Mere hours after claiming the Google crown, Shein admitted to working-hour breaches that saw some employees working 75-hour weeks with only two or three days off per month — and that’s only the tip of the iceberg when it comes to the company’s unethical practices. Quick refresher: Shein is the poster child for design theft, primarily stealing from independent and emerging designers. It has reportedly failed to compensate its employees fairly, and according to Public Eye, “numerous informal workshops [have] no emergency exits and [come] with barred windows that would have fatal implications in the event of a fire.” It operates with a grossly unsustainable environmental model, in which it produces 700 to 1,000 new styles every day, leaving behind 6.3 million tons of carbon dioxide equivalent each year, nearly all from its supply chain.
In an era where businesses are fast to tout their commitments to sustainability, how exactly has Shein managed to proliferate into the fast-fashion mammoth that it is today? The most obvious answer is the company’s unbelievably low prices (the average item costs $7.90 USD), which come as a saving grace for many facing a cost of living crisis around the world. In that regard, capitalism is to blame. However, the sheer volume of product that the brand releases on a daily basis is not an effort to clothe the needy; it’s just an absolutely ludicrous response to the ever-accelerating micro-trend cycle — and it begs the question, why are we buying so much?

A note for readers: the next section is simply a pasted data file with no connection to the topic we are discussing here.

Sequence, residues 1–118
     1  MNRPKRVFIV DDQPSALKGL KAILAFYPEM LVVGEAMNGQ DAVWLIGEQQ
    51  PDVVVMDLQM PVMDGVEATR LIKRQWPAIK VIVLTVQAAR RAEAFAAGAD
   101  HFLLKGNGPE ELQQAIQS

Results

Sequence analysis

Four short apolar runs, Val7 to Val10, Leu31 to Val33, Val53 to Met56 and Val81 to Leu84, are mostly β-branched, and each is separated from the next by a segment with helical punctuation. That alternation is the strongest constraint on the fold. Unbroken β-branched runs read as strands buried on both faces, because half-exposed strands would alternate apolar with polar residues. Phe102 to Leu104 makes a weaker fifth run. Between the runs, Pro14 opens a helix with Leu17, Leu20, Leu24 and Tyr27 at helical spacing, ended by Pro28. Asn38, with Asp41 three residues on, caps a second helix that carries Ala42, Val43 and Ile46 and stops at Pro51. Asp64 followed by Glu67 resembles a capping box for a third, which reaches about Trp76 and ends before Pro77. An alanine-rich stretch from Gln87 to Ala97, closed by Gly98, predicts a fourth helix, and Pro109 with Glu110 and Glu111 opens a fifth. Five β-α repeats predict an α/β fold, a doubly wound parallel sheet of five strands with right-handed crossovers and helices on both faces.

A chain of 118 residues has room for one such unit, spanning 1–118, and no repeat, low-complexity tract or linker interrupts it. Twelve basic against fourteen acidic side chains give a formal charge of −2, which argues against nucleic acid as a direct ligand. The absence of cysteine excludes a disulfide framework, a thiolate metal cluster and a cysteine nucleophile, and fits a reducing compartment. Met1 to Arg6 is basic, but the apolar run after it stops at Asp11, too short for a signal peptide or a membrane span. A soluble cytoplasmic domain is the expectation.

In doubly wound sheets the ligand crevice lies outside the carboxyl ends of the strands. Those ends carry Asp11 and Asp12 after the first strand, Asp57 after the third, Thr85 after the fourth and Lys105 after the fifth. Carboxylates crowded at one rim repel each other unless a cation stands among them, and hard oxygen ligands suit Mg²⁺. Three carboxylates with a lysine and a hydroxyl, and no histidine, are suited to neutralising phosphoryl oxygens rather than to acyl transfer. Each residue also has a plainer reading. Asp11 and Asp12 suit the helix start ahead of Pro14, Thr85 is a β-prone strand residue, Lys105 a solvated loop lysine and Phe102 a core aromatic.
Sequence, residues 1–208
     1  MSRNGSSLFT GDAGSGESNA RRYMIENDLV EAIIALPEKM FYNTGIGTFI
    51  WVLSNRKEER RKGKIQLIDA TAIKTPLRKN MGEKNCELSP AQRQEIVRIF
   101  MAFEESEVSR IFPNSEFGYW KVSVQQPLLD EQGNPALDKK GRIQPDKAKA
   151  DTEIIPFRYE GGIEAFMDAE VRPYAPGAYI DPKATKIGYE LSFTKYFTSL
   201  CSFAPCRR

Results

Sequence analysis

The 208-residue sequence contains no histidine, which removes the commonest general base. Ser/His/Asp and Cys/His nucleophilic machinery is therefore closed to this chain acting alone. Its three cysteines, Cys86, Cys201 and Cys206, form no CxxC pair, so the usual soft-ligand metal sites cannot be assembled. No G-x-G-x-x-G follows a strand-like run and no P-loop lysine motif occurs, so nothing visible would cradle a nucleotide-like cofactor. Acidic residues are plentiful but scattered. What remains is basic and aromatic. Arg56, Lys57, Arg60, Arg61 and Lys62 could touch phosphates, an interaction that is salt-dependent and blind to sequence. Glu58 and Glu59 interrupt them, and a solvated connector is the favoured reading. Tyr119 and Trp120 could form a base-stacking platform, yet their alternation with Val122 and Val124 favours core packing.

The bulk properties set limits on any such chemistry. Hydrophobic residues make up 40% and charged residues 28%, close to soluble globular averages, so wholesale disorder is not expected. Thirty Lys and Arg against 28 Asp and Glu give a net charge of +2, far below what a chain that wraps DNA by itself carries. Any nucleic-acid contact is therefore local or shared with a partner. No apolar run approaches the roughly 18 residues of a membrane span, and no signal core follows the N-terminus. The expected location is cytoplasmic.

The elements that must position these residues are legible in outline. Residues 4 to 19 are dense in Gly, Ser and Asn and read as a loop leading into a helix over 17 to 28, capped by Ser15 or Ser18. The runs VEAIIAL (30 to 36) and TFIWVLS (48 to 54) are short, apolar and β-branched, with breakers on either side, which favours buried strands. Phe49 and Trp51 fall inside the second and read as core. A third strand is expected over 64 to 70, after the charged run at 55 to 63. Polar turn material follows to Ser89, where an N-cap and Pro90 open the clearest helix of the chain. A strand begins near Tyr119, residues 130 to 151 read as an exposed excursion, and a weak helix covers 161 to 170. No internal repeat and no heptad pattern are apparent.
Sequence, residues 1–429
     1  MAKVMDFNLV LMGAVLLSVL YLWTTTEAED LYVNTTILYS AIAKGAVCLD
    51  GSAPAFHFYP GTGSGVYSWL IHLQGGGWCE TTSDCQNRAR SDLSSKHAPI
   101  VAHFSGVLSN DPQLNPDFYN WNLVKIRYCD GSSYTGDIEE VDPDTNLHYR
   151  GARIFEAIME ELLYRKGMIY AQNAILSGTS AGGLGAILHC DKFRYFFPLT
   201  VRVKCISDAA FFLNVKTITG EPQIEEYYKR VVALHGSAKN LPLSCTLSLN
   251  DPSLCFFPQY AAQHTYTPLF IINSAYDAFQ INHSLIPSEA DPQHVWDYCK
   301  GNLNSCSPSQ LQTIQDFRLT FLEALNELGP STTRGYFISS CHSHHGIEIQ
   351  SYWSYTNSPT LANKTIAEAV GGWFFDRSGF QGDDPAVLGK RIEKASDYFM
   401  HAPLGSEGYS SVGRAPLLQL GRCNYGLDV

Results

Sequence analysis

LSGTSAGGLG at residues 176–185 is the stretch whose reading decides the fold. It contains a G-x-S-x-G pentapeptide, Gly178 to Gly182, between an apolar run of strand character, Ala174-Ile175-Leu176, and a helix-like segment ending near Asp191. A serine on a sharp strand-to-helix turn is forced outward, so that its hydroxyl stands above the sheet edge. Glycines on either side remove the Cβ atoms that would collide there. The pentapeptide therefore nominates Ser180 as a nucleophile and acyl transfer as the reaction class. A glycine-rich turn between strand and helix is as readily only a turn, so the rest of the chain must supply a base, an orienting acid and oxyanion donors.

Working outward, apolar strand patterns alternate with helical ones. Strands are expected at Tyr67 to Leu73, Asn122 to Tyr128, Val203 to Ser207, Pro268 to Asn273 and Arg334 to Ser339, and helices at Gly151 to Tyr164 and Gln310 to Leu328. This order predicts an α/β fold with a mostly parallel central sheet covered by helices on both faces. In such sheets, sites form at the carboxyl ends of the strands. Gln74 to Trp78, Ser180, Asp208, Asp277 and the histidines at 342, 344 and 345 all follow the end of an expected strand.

People love owning the latest “it” item, and these days, Gen-Z’s elusive “it” is largely defined by TikTok’s For You Page, which churns out new trends around the clock. In the face of TikTok’s tsunami of new styles, “cores” make it easy to define those popular-yet-hyperspecific moments in fashion. But to be clear: it’s more than okay to let a microtrend be just that. Naming it as a “core” turns the clothing into a social media movement, and more often than not, the title is an overcomplication for rather basic color choices or fabric selections. But with that hashtag comes the fast-fashion overhaul, and with just a few clicks, those items are in your cart.
@oldloserinbrooklyn #stitch with @laini ozark everything is back all at once #fashiontrends #trendcycle #fashion ♬ original sound – Mandy Lee
To be fair, the inundated “core” is not all Gen-Z’s fault. It surfaced back in 2013, with normcore, a term coined by two millennials: brand consultants and K-Hole founders Greg Fong and Emily Segal. The industry-shifting moniker was used to denote those who recognized the power of fitting in, rather than seeking originality or virality. In Fong and Segal’s words, “Normcore moves away from a coolness that relies on difference to a post-authenticity coolness that opts into sameness.”
Then came gorpcore, in 2017, thanks to New York Magazine. The term, which is actually an outdoorsman’s acronym for trail mix (good old raisins and peanuts), tied a bow on the granola get-ups that included pieces from brands like Arc’teryx and Salomon. Repeller’s Harling Ross wasted no time introducing the next one: menocore, or coastal grandmother chic. But where fashion writers walked, the internet ran.